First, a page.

A large Kinesys automation system was specified for the 2010 Eurovision Song contest staged at the Telnor Arena in Oslo on Saturday. The system, comprising 80 Kinesys motors - a mix of 1 tonne and half tonnes, and K2 control - was spec'd by lighting gaffer Richard Gorrod and operated by Ian Macdonald.
The equipment was supplied by lighting contractor PRG and the movement was an integral element of LD Al Gurdon's design for the event.
This year's show was a departure from an LED-heavy televisual aesthetic and introduced several unique theatrical elements that looked spectacular, both for the TV audience and the 18,000 people watching in the arena. The automation system allowed a completely different and dynamic scene to be created for each of the 39 competing countries, who battled it out in three televised shows including 2 live televised semi-finals, culminating in Saturday night's final, won by Germany's Lena, with Turkey in second place and Romania third.
The Kinesys system was used to raise and lower a 130 metre wide upstage lighting wall running the entire width of the arena and bending in around the sides of stage. Directly in front of that was another wall containing 680 ChromaQ DB4 ColorBlock LED battens.
Then there were 12 scenic elements that also moved - a combination of gauzes, cloths and pearl shaped plastic balls suspended on steel wire ropes, all part of the fabulous set designed by Kirsten Weltzin, Bonsak Schieldrop, Trond Olav Erga and Audun Stjern.
The light wall trusses comprised 6 separate runs of trussing suspended on 1 tonne motors, in a 4-3-2 configuration each side of stage from offstage to onstage, (mirrored on the other side). The ColorBlock consumed another six trussing pieces, suspended on 18 half tonne motors.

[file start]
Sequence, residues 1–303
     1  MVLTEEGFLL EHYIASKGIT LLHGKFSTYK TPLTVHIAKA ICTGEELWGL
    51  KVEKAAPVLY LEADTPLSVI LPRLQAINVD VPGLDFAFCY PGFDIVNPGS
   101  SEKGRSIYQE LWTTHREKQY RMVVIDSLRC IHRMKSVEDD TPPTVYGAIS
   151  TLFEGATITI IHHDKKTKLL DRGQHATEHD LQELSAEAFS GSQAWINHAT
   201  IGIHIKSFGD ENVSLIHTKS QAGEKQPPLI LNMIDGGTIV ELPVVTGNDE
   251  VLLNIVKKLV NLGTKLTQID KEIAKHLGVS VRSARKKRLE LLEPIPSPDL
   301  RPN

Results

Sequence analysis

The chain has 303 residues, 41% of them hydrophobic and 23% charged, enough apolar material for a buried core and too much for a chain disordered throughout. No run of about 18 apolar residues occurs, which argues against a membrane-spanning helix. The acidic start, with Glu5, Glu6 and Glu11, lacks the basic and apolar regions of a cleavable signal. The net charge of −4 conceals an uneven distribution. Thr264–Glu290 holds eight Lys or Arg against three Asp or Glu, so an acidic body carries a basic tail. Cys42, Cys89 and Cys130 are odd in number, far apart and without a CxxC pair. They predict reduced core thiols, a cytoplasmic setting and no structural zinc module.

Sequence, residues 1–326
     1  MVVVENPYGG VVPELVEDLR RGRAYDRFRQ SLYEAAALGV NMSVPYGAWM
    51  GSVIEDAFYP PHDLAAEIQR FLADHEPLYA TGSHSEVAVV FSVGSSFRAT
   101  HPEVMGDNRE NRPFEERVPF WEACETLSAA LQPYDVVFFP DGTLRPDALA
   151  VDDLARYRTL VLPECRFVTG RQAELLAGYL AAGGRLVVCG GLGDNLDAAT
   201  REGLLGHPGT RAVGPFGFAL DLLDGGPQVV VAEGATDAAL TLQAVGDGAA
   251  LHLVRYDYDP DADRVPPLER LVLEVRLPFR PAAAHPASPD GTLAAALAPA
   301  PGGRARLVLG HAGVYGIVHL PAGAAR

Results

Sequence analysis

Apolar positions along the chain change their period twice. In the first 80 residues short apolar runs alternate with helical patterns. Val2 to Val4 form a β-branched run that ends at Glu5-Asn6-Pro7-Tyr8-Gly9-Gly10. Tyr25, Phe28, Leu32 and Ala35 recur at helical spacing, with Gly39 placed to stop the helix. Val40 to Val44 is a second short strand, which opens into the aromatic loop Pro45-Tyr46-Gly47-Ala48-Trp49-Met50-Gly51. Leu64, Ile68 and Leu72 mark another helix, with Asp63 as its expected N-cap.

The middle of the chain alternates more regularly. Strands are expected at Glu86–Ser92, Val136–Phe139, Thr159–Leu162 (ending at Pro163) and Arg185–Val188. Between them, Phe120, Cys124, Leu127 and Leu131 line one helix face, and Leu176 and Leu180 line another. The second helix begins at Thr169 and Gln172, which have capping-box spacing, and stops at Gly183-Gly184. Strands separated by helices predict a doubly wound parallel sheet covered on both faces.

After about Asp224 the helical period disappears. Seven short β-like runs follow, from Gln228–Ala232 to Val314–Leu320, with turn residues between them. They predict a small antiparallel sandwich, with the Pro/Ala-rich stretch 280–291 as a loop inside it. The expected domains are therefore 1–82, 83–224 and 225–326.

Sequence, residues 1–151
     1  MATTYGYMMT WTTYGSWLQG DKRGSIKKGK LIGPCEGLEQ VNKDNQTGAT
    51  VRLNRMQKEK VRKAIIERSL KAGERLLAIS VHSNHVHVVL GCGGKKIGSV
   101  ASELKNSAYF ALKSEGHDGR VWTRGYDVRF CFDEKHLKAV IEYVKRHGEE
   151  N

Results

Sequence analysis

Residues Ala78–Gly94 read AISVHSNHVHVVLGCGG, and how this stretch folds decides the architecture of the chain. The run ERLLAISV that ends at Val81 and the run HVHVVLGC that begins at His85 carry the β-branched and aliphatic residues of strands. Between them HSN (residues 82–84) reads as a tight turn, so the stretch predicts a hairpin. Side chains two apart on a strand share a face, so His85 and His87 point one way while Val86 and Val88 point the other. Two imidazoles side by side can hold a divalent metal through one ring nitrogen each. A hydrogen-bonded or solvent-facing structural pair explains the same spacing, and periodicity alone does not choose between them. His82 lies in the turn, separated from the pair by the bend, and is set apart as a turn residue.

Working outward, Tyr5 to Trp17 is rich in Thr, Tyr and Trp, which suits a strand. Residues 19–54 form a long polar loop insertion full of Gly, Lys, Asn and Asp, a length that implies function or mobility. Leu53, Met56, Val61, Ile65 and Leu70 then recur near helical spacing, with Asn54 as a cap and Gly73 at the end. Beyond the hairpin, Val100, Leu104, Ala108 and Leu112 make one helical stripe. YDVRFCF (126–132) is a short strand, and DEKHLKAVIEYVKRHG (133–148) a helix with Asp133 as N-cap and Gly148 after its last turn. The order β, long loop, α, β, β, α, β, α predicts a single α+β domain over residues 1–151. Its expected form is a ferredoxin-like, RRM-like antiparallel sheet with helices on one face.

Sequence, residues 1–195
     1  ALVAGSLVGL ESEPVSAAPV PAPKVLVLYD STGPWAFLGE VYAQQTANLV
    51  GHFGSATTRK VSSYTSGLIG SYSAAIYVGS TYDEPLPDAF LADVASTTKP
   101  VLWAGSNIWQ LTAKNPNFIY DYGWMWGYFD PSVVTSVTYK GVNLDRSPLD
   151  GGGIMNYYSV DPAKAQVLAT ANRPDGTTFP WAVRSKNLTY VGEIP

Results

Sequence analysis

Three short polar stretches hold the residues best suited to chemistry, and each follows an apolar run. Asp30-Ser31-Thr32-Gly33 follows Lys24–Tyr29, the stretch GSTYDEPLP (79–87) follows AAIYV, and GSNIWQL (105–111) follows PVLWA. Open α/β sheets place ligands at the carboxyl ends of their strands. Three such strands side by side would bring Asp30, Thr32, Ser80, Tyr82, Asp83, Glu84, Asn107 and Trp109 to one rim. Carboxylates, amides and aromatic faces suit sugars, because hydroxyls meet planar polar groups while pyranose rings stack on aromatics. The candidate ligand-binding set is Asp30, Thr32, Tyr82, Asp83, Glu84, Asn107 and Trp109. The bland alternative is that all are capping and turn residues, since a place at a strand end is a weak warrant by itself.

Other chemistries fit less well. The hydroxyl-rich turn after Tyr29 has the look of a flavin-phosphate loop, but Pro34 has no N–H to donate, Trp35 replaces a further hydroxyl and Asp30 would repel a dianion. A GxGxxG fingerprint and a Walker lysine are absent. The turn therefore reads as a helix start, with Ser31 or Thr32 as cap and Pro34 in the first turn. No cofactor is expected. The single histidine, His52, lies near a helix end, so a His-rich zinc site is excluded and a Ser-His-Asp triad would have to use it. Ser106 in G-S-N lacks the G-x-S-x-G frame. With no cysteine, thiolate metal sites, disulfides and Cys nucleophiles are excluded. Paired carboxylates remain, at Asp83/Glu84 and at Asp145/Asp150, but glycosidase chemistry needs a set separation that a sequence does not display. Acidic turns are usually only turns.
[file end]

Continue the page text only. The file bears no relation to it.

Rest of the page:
The largest scenic piece, just in front of the ColorBlock wall, was a large 80 metre wide drop of choucroute a distressed transparent fabric which picks up light beautifully. This was also flown on 6 angled trusses and 18 half tonne high speed JJ hoists.
Downstage from this, more in an onstage position, were 2 semi-circular trusses either side of stage, from which were hung 3 pieces of silk. They were flown on 4 JJs each.
The 24 strings of pearls were suspended from 6 x 2.5 metre trusses, each on 2 x JJs.
Over the B-stage were smaller replicas of the choucroute and silk elements hung on one 2.5 metre truss, and two smaller semi-circle trusses - also all movable.
All these elements were in constant motion throughout the shows - called by Al Gurdon - and used to great effect for several WOW factor moments! The largest move had 76 Kinesys hoists running simultaneously, which set the scene for Serbia's Milan Stankovic (who finished in 13th place). Some elements also had to be shifted out of the way for changeovers and to allow entrances and exits.
Ian Macdonald, an experienced Kinesys operator, says that the system was an "obvious" choice, adding that "the beauty" of the K2 is that it so easily handles multiple axes of movement, all of which can be viewed simultaneously onscreen in large format, making it very simple to group everything together in a logical manner. He adds that K2 enables them to effortlessly produce both subtle and spectacular special effects.
By the time it came to the show days, he had well in excess of 300 cues in the desk.
Rich Gorrod adds, "I know Kinesys is very reliable and flexible, plus PRG own lots of it, so it made complete sense to have it on this show to help make the impact that Al required".
The event was production managed by Eurovision technical aficionado Ola Melzig. Andy Voller and Theo Cox were the lighting programmers, Luke Chantrell was the vision controller and Mike "Oz" Owen was the LED programmer.
For more press info on Kinesys, please contact Louise Stickland on +44 (0)1865 202679 or +44 (0)7831 329888 or Email ‘firstname.lastname@example.org' or check www.kinesys.co.uk